Julie Burchill

The case for culling friends

I've let so many of mine go – and I don’t miss any of them

  • From Spectator Life
Photo-illustration: Coral Hoeren [Getty, iStock]

Since I’m so old – 64 this summer – Facebook has always been my preferred form of social media. But if I was a softer soul there’s a feature on it that might really tug at my heartstrings: ‘See your memories.’ Because many of mine – going back more than a decade – are now blank of any actual memory: ‘Content not available.’

I know what these were: photographs of me with ex-friends (they’d always take the selfies, as I don’t have a camera-phone) who I’ve fallen out with and who have since deleted the photographs. In 90 per cent of cases, I’d say that I was the one who caused the falling-out. 

If I’m being honest, I don’t miss any of them. (Tell a lie: one of them had a disabled badge, meaning that we could park the car I bought her anywhere we liked – right outside restaurants, mostly. I felt like Princess Margaret!) But recently, being the grand old age I am, some of these friends I squabbled with have started dying. It’s a strange feeling to check someone’s Facebook page when you haven’t thought of them in years only to find dozens of sad tributes to them. Although so far it’s been nobody I was particularly close to, it has made me wonder how I’ll feel when people I was once truly good friends with die.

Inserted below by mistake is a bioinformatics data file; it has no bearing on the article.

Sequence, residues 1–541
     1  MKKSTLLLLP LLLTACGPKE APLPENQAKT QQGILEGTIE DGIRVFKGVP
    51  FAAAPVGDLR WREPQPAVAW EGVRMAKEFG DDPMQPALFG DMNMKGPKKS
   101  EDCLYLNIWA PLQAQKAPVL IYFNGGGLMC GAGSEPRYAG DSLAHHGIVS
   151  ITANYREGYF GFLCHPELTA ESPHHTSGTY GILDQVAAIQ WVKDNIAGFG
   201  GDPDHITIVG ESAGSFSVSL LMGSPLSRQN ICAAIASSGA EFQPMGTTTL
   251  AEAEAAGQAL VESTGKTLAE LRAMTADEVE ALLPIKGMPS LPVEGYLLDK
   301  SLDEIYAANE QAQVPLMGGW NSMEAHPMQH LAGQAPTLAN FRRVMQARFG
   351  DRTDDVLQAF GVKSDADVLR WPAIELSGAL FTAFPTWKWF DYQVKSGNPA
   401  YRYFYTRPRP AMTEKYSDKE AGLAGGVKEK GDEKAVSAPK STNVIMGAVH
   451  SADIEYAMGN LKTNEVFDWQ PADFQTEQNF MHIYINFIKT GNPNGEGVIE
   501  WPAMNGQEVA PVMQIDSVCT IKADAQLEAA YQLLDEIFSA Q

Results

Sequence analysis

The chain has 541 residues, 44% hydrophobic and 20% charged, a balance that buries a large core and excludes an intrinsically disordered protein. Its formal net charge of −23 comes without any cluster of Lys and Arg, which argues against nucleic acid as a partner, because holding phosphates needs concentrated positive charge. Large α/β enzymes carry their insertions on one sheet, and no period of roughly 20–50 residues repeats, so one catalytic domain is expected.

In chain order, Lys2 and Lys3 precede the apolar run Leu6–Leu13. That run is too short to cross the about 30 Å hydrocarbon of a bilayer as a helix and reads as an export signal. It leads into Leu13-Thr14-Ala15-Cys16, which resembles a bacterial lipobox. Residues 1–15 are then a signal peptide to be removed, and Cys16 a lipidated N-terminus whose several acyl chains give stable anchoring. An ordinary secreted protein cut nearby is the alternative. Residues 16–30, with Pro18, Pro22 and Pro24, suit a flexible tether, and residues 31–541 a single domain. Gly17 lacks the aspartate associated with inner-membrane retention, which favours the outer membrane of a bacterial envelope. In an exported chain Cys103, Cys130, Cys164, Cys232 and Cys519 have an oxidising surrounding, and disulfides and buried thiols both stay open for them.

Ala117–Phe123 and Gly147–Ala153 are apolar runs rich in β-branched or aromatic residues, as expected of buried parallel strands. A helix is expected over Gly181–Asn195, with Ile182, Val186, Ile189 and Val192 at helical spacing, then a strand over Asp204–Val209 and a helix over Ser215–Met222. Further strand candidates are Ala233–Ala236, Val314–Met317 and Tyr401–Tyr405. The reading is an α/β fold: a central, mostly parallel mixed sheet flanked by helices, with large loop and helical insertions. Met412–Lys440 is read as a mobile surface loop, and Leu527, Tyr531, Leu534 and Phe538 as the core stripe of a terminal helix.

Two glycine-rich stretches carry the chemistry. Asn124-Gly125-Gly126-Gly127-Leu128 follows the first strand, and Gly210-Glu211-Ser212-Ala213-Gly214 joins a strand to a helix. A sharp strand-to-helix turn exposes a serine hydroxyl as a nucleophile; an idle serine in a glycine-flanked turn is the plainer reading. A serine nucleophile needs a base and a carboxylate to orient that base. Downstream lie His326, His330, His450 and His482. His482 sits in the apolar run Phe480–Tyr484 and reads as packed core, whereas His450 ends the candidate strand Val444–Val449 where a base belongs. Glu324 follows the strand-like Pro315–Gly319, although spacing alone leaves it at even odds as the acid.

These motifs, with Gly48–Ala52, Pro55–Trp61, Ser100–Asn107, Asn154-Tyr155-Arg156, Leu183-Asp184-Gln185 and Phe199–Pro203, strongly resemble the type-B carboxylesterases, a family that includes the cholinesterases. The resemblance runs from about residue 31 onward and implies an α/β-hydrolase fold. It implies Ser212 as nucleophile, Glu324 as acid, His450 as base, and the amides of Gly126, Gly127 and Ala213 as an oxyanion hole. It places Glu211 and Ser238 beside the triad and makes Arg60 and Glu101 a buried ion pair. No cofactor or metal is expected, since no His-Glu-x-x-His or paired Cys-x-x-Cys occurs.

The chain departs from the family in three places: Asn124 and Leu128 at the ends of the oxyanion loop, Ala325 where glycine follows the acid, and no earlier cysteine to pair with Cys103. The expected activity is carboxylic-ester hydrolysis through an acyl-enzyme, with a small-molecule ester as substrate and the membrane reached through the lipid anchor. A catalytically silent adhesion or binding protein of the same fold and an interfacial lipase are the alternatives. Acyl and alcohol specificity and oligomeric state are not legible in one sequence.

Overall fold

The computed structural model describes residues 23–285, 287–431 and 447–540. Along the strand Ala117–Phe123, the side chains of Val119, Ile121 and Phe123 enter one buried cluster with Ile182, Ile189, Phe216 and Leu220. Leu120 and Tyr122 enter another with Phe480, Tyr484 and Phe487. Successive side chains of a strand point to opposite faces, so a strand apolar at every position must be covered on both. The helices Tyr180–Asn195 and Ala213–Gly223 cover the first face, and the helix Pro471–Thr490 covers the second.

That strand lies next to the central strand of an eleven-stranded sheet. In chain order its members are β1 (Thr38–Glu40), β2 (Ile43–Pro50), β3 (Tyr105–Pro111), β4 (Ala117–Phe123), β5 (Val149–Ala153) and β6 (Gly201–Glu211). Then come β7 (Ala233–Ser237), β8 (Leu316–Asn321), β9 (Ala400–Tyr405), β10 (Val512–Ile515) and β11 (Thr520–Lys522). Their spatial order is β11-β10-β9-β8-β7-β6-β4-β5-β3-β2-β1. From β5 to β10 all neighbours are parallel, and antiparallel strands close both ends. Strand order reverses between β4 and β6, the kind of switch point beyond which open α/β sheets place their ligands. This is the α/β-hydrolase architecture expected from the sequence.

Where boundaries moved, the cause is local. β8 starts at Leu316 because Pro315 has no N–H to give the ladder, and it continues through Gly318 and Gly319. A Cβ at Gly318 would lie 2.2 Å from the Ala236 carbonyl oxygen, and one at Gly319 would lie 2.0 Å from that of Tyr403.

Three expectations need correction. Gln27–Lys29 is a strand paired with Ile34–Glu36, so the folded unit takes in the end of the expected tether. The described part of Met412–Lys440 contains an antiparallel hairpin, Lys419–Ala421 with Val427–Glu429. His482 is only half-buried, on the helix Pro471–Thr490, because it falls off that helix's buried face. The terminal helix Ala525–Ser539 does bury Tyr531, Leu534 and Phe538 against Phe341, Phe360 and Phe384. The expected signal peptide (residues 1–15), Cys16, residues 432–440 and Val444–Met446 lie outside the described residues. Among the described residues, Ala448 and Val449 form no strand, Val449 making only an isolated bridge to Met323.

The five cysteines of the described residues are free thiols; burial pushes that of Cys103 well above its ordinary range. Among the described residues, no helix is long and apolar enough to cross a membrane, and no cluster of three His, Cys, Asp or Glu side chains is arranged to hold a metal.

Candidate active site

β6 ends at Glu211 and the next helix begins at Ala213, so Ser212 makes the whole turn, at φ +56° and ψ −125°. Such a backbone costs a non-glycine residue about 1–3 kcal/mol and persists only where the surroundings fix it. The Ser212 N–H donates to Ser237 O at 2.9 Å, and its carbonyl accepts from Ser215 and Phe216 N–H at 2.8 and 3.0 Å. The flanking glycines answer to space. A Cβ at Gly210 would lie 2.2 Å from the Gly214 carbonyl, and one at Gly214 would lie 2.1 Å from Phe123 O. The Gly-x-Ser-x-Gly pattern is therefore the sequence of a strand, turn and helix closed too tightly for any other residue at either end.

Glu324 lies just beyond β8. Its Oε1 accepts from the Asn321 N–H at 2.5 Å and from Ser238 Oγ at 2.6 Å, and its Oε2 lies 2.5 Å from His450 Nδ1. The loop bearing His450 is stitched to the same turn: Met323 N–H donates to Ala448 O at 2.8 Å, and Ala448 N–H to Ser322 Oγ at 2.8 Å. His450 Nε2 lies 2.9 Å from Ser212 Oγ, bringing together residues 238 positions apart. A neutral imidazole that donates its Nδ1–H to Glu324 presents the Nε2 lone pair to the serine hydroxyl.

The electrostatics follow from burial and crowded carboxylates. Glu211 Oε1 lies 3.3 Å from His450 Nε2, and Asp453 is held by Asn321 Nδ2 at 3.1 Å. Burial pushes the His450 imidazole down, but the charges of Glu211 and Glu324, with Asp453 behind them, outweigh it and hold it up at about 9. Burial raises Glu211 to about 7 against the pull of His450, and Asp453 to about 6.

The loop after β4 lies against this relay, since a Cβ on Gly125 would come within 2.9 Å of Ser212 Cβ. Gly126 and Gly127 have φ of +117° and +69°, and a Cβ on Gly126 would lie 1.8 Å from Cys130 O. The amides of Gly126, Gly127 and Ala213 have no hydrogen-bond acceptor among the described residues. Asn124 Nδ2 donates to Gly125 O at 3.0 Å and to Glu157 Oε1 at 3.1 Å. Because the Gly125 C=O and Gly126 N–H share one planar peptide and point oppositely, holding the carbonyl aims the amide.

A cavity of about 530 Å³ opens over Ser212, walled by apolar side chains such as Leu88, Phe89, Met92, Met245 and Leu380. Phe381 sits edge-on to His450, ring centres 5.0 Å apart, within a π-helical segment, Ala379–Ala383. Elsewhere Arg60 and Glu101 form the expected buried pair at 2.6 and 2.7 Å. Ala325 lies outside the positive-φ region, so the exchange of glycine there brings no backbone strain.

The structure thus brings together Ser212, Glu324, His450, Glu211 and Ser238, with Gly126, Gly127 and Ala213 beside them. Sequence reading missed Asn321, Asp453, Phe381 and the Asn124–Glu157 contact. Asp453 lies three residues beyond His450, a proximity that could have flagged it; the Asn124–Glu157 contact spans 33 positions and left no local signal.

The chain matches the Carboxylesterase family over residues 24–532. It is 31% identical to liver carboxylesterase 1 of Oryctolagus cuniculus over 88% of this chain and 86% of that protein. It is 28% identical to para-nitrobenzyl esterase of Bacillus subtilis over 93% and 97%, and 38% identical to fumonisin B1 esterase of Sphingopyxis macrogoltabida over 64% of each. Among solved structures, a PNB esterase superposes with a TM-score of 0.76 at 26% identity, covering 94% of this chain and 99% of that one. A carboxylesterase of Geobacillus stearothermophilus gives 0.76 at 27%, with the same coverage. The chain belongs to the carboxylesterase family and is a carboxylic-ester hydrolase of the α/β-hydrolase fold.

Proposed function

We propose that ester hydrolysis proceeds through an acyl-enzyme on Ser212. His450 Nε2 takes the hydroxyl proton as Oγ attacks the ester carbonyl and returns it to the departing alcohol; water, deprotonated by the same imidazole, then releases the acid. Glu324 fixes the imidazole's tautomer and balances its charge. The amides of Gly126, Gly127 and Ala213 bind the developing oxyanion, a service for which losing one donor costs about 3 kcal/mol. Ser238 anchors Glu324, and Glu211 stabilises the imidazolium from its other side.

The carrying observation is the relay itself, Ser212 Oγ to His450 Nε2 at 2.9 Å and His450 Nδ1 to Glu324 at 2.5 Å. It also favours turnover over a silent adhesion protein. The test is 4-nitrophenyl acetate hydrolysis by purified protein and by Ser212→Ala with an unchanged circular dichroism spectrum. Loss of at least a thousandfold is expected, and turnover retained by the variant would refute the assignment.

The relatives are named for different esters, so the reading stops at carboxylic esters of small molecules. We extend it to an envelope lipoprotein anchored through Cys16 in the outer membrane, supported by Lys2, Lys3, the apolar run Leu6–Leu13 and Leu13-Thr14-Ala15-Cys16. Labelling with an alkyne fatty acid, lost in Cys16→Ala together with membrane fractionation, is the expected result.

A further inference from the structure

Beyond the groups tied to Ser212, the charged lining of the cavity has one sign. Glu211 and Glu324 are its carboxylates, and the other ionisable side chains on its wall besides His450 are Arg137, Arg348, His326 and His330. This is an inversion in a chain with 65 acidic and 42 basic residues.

Agony aunts always advise young marrieds not to let the sun go down on an argument – so wouldn’t that be even truer of old friends not letting the final curtain go down on a contretemps? Am I going to feel bad that I didn’t try to make it up with them? Or am I going to think: ‘That was a lucky escape; X was tighter than two coats of nail polish, so it’s unlikely that they’ll have put any cash behind the bar for post-funeral refreshments – muggins here would have been buying the drinks all night!’

‘You’ll end up alone!’ I hear.

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